“But nobody moved until we had finished, and when we finally walked off the coach and through the crowd we felt ten feet tall.

“Willie John said afterwards he realised at that point that there was no way we were going to lose.”
 
1977: Singalong with the Lions
 
The 1977 tour group may have not been able to match up to the success stories of the previous two tours, but they do remain the only touring side to date to have recorded their own album.

Led by choirmaster Gordon Brown, the ‘Singalong with the Lions’ album was recorded at the Waitangi Hotel in New Zealand.

The series of traditional pop and folk songs include ‘You Are My Sunshine’, ‘Take Me Home Country Roads’, ‘House of the Rising Sun’, and ‘Summer Holiday’.

We’re not sure how much of an impact the album had on the charts, but it remains a No.1 hit for the Lions faithful.
 
1997: Wonderwall  

A new Lions anthem for a new generation, Oasis 1996 smash hit ‘Wonderwall’ became the song for the victorious 1997 tour to South Africa.

An astounding rearguard action in the face of massive Springboks pressure saw McGeechan’s Lions clinch the three-match series with a game to spare – Jeremy Guscott slotting the decisive drop-goal in an 18-15 second Test triumph.

The scenes in the aftermath when Martin Johnson’s side realised they had made history were among the most special in Lions history, but video footage of the dressing room after the game had the most lasting impact on Lions fans.

Matt Dawson, Mike Catt and Austin Healey led the side as they roared out ‘Wonderwall’ in the dressing room after the game, and the song instantly became a Lions classic – so much so that it was belted out in Sydney on their next series victory in 2013.  

2001: Waltzing O’Driscoll
 
Who can forget Brian O’Driscoll’s mesmeric try in 2001’s opening test against Australia, but the musical accompaniment that followed was almost as good.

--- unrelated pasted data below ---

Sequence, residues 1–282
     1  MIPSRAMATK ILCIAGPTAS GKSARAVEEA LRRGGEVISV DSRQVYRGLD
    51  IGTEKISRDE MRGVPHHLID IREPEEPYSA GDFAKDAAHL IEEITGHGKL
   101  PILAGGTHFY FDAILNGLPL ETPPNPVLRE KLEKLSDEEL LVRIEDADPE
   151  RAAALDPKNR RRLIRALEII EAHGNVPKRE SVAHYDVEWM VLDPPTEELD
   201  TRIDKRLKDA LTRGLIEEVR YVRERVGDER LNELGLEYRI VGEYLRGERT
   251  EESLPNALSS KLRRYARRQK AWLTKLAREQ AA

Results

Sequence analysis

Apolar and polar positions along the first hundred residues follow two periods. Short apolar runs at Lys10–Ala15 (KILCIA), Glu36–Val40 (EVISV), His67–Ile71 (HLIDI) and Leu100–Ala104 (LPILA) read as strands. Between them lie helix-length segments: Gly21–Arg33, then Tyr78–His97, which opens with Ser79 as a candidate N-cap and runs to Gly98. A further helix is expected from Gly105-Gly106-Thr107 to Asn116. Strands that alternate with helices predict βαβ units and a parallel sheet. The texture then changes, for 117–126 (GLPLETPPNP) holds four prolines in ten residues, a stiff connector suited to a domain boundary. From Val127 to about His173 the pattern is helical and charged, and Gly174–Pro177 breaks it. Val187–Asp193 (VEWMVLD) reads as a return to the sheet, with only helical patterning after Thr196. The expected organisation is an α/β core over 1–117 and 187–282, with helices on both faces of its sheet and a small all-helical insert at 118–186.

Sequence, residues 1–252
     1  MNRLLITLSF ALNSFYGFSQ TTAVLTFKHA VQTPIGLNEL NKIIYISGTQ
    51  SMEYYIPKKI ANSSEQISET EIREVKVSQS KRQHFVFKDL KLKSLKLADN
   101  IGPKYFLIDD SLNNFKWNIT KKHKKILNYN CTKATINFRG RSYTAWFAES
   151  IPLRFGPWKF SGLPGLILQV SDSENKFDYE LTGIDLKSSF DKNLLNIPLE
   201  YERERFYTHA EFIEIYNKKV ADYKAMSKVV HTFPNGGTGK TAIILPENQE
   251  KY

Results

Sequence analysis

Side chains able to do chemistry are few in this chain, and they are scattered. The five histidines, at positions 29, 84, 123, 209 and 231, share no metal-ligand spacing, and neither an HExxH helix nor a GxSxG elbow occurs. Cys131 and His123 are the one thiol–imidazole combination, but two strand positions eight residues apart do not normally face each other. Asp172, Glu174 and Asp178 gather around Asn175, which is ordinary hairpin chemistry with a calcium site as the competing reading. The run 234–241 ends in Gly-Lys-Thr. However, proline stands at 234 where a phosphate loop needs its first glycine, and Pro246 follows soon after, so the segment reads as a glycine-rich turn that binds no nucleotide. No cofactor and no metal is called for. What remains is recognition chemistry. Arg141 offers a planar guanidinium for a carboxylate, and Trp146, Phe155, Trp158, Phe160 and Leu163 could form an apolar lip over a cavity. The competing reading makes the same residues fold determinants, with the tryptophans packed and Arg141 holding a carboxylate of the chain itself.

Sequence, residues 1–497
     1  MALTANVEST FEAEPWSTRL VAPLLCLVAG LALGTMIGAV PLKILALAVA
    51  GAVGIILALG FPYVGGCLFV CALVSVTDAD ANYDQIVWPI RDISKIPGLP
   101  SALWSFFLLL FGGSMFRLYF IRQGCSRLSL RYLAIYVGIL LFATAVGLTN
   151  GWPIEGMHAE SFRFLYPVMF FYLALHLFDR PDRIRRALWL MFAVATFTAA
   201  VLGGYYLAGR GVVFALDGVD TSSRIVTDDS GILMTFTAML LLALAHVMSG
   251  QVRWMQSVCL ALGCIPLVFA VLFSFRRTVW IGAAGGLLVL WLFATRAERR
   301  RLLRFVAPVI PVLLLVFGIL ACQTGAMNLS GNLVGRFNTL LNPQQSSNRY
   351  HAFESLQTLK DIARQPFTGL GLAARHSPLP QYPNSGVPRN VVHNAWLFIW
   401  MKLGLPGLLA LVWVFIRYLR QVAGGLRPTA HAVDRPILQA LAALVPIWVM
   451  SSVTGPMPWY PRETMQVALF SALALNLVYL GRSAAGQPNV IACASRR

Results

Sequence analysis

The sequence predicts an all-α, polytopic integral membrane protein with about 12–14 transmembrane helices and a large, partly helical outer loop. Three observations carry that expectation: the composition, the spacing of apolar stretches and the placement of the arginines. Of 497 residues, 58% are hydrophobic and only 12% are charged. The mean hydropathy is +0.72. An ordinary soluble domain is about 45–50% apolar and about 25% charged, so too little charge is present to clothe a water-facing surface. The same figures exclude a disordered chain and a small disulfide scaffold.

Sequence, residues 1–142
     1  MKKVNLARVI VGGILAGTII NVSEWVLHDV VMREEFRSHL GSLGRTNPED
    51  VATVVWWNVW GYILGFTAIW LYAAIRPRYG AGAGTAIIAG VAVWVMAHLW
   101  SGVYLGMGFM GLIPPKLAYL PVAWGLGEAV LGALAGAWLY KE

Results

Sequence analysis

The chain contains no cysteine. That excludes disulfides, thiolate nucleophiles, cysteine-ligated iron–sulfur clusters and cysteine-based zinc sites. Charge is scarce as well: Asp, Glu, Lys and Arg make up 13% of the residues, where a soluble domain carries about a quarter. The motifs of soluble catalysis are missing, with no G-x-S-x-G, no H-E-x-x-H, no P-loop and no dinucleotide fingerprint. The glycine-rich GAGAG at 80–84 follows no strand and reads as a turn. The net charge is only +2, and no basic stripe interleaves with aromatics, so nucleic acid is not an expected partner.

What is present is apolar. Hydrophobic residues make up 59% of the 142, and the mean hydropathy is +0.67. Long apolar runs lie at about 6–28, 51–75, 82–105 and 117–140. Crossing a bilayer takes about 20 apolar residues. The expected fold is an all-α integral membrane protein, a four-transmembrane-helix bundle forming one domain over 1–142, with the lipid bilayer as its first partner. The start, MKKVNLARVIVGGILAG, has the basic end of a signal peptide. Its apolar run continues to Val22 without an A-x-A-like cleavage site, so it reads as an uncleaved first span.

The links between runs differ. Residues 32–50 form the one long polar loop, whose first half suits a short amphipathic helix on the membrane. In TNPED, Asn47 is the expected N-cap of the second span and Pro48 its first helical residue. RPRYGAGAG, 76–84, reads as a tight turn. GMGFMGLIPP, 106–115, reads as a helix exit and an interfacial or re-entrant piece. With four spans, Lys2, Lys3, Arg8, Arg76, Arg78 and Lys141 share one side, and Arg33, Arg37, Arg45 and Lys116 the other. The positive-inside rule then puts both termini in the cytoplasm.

Taking a pass from Jonny Wilkinson, the legendary Ireland centre scythed through the Wallabies’ defence just moments into the second half and outpaced the remaining defenders to touch down in a famous 29-13 win.

It was one of the best tries in Lions history and silenced the Gabba, while in their ecstasy the Lions fans took the opportunity to hijack Australia’s unofficial anthem – all in good fun of course!

'Waltzing Matilda' became 'Waltzing O'Driscoll' in honour of the Brisbane hero, and O’Driscoll remembers the try as one of the best of his career.

“I love the try that I scored against the Australians,” he said. “They were reigning world champions at the time and they had an incredible defensive record so it was great to score from 40 yards out.”  

2005: Matt Stevens
 
Of course no Lions past or present have ever actually participated in the Eurovision, but England prop Matt Stevens has probably come the closest.

The Toulon star – formerly of the Sharks, Saracens and Bath – came second in 2006’s X Factor ‘Battle of the Stars’ competition.

Edged out by Eastenders star Lucy Benjamin, Stevens’ renditions of ‘Mack the Knife’ and ‘Don’t Want to Miss a Thing’ earned him a whole new legion of fans from in and outside of rugby.

A champion pie-eater with a Politics and Economics degree from the University of Bath, Stevens is clearly a man of many talents – but his crowning achievement was two tours for the Lions where he made 12 appearances in total in the famous red jersey.
 
2013: Marcus Mumford’s Lions
 
Sam Warburton, skipper of 2013’s Lions side in Australia, remembers the likes of Sean O’Brien joining forces with Stevens to sing the side to victory Down Under.

‘Wonderwall’ remained a staple amongst the Lions’ repertoire, but Mumford and Sons’ ‘Little Lion Man’ became the unofficial song of that particular tour.

Stevens was in charge of the music committee, but O’Brien’s Irish songs kept the team entertained for hours on the long bus journey between Newcastle and Sydney – and he led the celebrations after the third test in Sydney’s Cock’n Bull with a rendition of Mumford’s ‘I Will Wait’.

Coupled with the rap battle between Alex Corbisiero and Simon Zebo, as well as the rendition of ‘Bread of Heaven by Jonathan Sexton and Leigh Halfpenny on the Sydney streets, 2013 was a tour where music was at the forefront.